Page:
TALLAHASSEE, Fla. – Twenty years ago Wednesday, Gov. Lawton Chiles died three weeks short of finishing eight years as Florida's chief executive.
Chiles died in the governor’s mansion after a pacemaker malfunctioned.
A Korean War veteran, Chiles returned to Florida for law school and eventually opened his own private practice in 1955. He was elected to the Florida House in 1958 and the state Senate in 1966.
Despite 12 years in the Florida Legislature, he was relatively unknown when he ran for an open U.S. Senate seat, so he walked 1,000 miles from Pensacola to Key West for his campaign, earning him the nickname "Walkin' Lawton." After serving three terms, he retired from politics, only to be elected 41st governor of Florida in 1990.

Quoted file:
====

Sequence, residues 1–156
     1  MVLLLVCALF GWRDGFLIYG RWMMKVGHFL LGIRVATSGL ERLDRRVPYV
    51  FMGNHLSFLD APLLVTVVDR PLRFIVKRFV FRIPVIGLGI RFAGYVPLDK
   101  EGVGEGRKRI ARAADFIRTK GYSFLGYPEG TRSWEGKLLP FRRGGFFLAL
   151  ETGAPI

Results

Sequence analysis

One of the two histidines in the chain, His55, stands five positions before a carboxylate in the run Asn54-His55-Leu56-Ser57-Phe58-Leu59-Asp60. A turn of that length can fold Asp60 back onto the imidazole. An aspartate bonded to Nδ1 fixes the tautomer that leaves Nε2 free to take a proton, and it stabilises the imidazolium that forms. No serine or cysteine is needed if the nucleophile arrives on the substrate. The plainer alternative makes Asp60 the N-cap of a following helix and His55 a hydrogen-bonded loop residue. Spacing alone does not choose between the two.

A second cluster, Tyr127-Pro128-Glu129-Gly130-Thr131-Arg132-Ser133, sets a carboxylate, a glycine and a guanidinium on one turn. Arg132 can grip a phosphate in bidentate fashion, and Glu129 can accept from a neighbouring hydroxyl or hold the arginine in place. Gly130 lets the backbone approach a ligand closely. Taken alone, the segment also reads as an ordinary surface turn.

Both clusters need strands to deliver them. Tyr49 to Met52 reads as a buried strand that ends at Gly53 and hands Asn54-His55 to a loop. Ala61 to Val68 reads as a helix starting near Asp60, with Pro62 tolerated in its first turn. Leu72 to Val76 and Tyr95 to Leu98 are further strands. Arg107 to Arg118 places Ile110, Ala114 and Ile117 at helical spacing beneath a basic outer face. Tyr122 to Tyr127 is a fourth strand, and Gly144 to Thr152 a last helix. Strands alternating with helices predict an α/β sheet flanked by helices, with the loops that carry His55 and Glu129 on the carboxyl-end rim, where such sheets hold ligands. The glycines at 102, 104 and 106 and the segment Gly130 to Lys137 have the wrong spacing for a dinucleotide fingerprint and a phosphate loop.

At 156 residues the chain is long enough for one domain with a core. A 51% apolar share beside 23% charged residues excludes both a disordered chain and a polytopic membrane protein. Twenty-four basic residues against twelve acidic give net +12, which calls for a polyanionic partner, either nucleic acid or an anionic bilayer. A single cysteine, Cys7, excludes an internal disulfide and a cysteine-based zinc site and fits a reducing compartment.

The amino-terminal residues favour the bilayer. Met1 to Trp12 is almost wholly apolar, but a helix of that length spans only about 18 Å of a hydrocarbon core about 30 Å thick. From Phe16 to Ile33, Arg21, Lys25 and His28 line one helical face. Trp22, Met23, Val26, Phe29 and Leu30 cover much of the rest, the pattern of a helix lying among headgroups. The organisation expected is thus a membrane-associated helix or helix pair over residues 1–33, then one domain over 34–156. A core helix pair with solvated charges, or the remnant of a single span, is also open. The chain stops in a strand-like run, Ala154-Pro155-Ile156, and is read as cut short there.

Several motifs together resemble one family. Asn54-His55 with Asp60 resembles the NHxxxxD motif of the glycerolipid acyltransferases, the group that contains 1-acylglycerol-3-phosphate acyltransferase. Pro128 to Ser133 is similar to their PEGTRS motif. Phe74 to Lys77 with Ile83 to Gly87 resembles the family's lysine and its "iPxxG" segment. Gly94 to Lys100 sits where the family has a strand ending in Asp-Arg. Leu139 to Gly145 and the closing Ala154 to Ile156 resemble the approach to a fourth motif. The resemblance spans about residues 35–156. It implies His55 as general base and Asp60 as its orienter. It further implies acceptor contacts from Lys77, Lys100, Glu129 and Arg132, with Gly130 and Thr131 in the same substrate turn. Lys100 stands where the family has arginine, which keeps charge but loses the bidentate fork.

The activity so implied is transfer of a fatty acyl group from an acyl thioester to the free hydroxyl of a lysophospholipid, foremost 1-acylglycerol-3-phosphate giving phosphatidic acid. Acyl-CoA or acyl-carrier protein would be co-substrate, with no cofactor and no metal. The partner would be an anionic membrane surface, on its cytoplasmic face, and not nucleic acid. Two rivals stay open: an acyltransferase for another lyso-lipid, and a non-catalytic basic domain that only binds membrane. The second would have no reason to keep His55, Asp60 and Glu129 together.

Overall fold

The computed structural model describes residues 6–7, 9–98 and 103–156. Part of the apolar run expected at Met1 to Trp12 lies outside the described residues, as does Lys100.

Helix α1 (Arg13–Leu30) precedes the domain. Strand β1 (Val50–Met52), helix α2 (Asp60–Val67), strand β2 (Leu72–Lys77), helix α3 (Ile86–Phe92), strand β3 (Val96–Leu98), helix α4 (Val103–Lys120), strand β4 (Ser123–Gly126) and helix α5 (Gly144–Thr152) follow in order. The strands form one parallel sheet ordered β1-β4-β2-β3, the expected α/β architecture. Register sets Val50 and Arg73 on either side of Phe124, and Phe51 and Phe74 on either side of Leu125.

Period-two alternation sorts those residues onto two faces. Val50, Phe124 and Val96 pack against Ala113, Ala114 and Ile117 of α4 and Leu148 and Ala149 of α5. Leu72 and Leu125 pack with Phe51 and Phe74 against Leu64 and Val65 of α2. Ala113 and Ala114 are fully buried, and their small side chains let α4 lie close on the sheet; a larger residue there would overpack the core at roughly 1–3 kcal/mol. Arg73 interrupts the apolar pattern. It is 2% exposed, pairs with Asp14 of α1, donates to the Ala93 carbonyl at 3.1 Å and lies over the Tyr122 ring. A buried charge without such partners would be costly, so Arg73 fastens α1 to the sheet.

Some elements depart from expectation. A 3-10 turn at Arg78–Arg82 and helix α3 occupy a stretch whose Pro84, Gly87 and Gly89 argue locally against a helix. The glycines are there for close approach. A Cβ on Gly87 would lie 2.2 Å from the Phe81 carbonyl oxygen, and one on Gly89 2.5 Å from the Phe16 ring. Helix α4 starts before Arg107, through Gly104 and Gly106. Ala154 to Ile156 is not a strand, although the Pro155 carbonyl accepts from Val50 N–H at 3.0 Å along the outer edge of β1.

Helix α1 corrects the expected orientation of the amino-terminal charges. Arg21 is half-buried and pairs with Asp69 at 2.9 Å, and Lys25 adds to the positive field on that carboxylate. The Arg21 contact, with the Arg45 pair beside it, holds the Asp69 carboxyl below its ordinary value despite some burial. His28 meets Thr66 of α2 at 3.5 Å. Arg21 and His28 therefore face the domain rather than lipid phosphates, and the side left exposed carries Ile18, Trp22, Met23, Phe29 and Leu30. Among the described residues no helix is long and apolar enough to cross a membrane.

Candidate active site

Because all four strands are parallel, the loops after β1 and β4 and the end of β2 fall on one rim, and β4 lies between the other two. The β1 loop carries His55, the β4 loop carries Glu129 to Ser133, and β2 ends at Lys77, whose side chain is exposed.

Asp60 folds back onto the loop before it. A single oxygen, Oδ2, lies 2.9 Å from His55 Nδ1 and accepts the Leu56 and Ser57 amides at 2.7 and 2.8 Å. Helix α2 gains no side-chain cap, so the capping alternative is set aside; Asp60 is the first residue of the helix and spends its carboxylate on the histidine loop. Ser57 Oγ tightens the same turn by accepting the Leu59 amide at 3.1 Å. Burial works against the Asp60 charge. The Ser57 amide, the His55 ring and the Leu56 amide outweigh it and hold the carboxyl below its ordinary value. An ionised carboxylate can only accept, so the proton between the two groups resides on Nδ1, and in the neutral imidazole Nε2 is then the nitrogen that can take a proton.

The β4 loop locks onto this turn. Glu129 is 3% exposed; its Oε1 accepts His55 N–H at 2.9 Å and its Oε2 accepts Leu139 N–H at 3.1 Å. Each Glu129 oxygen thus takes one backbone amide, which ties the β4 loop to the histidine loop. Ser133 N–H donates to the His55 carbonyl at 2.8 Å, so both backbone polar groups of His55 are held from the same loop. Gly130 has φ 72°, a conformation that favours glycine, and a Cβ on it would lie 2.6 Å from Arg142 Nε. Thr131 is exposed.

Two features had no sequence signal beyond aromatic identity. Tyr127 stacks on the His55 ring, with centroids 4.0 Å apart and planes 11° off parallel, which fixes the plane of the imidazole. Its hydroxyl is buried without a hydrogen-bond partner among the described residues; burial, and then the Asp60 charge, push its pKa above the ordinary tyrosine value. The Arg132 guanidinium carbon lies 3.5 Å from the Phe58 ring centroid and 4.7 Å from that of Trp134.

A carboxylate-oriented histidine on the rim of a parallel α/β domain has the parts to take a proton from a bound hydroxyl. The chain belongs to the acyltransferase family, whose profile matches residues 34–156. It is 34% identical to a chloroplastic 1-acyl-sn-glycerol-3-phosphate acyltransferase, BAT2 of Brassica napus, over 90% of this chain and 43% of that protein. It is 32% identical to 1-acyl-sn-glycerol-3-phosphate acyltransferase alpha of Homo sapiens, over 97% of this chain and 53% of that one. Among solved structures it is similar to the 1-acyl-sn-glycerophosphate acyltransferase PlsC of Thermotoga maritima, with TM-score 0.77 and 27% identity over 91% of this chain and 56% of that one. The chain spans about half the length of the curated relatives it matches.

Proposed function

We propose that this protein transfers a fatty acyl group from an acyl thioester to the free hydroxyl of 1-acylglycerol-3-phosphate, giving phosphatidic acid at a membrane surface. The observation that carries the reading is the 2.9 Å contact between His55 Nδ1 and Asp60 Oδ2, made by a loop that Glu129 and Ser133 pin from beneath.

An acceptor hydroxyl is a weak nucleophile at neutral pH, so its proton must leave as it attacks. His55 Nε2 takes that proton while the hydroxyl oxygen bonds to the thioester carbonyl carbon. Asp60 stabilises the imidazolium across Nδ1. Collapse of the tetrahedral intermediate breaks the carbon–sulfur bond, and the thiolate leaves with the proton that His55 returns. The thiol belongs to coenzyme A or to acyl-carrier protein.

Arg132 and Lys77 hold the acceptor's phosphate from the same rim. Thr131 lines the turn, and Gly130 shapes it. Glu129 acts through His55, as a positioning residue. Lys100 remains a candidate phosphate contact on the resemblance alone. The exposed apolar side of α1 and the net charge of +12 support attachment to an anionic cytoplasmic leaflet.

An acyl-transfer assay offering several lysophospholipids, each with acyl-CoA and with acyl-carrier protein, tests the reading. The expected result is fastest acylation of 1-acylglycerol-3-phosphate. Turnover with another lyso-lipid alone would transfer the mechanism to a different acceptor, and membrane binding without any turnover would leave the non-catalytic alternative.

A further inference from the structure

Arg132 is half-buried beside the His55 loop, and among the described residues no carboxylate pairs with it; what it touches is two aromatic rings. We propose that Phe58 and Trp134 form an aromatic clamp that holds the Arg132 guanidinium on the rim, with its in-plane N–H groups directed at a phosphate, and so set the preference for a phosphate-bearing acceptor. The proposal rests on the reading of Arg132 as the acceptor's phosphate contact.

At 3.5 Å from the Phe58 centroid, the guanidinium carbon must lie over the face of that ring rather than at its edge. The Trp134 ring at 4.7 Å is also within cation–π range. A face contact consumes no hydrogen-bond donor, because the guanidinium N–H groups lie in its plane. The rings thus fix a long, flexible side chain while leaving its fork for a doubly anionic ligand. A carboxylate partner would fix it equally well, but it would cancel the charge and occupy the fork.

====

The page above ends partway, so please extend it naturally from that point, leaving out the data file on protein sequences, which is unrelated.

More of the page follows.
Chiles is perhaps best remembered for his work in public education, protecting children and initiating the first successful major lawsuit against Big Tobacco. His then-legislative director, Jon Moyle, said Chiles was never afraid of a fight.
“When he became governor, he looked at, think it was $400 million a year that was being spent to treat tobacco-related illnesses and he said, 'We’ve got to do something about this,'" Moyle said. "And through a series of conversations with a lot of different people, this idea was hatched about passing legislation that would help.”
Florida continues to receive hundreds of millions of dollars each year from the settlement with the major tobacco manufacturers.
After his death on Dec. 12, 1998, Lt. Gov. Buddy MacKay served the remaining 23 days of Chiles' term.